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Mask (kepong or ges)

Oceanic, Papua New Guinea, New Ireland province
late 19th century


Object Place for Label, New Ireland, Papua New Guinea

Dimensions

36 cm (14 in.)

Accession Number

1991.1072

Medium or Technique

Wood, cane, fiber, pigments

On View

Arts of Asia, Oceania, and Africa Gallery (Gallery 177)

Collections

Africa and Oceania

Classifications

Masks

Several types of masks are associated with the malagan commemorative ceremonies. Large masks called matua with extravagant projections and superstructures were made for malagan display and appeared at the end of ceremonies to remove taboos. Groups of men wearing smaller, crested types such as this one roamed the village and performed similar tasks, "cleansing" the community and bringing life back to normal. These masks might represent tree-dwelling wild spirits who live in the bush. Flanges linking the ears to the jaw and the eyes to the mouth partially frame this mask's head. The open mouth reveals white and black teeth, intertwined frigate-bird and serpent forms compose the nose, and sea-snail shells animate the protruding eyes. The ribbed cane structure of the head is visible beneath the remains of vegetable fiber that once fully covered it. Like many New Ireland objects, the mask came to Germany before World War I. It bears the inscription "ME10259, Neu-Mechlenburg, Weber," Neu-Mecklenburg being German designation of the island. Its life history is one of the topics of the essay "From the South Seas."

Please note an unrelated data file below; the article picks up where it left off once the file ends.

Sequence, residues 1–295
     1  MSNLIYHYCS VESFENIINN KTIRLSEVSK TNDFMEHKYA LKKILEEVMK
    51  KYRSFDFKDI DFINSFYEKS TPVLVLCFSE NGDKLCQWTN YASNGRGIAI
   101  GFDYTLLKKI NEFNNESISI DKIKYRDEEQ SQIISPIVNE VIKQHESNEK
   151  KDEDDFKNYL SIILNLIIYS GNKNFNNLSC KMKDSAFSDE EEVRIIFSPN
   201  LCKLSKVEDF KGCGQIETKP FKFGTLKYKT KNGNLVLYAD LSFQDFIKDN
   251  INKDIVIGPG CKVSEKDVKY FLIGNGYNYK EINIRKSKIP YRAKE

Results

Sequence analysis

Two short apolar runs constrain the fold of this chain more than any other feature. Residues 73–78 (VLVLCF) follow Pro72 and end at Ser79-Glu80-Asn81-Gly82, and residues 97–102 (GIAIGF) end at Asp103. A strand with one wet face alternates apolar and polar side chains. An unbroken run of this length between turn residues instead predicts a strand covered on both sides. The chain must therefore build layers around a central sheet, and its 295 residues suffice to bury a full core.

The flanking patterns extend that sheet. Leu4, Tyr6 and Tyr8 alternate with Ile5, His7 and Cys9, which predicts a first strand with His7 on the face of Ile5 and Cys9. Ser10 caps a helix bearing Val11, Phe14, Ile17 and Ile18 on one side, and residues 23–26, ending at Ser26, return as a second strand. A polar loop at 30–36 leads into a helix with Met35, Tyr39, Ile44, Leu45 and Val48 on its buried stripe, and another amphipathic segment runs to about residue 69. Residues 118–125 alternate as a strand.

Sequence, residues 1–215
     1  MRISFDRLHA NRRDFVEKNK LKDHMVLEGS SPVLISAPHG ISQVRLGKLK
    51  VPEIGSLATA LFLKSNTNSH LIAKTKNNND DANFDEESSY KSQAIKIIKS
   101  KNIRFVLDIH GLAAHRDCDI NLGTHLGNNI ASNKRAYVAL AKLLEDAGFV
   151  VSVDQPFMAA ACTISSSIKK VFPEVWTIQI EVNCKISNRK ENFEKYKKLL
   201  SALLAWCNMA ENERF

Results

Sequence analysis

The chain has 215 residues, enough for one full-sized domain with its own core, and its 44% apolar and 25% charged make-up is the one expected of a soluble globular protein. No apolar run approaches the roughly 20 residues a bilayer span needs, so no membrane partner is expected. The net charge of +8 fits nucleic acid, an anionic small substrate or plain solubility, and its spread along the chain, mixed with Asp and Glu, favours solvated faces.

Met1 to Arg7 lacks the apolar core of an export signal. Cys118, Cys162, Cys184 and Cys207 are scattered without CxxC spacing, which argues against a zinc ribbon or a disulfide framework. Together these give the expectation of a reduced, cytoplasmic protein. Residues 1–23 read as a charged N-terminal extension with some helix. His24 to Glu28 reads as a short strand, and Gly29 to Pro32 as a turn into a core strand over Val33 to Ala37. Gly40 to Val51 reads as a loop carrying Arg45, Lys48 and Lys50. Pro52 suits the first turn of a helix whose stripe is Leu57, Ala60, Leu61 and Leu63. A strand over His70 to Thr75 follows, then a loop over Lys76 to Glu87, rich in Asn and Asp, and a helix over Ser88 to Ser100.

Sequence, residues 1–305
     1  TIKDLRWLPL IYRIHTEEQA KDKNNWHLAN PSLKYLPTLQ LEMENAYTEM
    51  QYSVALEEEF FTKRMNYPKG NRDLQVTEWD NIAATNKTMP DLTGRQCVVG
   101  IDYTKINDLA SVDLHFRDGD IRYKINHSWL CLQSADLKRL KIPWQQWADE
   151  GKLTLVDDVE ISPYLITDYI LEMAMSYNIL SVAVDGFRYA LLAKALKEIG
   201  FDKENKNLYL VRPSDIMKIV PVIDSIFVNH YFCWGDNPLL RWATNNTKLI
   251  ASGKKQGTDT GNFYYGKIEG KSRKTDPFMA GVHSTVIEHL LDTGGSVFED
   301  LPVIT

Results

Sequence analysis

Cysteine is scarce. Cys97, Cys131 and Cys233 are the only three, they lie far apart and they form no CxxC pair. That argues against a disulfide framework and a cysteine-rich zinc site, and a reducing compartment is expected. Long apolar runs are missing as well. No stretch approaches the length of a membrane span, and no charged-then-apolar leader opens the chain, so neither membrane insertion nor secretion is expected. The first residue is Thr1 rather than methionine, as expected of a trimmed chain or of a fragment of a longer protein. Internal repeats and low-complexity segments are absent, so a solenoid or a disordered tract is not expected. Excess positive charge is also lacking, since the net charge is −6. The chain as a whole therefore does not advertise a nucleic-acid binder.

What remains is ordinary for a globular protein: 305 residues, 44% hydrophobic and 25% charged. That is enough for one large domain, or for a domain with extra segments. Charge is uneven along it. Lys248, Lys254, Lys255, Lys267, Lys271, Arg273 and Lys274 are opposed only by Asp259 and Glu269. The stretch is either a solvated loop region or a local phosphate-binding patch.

Provenance

1878, possibly acquired in Neu Mecklenberg (New Ireland), Papua New Guinea by Consul Theodor Weber (b. 1844-d. 1889), Hamburg; 1888, given by Weber to the Museum für Völkerkunde, Leipzig (accession no. ME 10259); 1975, deaccessioned by the Museum für Völkerkunde and exchanged [see note]. May 2, 1977, sold by the Galerie Alain Schoffel, Paris, to William and Bertha Teel, Marblehead, MA; 1991, year-end gift of William and Bertha Teel to the MFA. (Accession Date: January 22, 1992) NOTE: Many thanks to Dr. Marion Melk-Koch of the Staatliche Ethnographische Sammlungen Sachsen for confirming the provenance of the mask. Also see Christraud Geary, “From the South Seas: Life Histories of Works in the Teel Collection,” in From the South Seas: Oceanic Art from the Teel Collection (Boston: MFA, 2006), 21.

Credit Line

Gift of William E. and Bertha L. Teel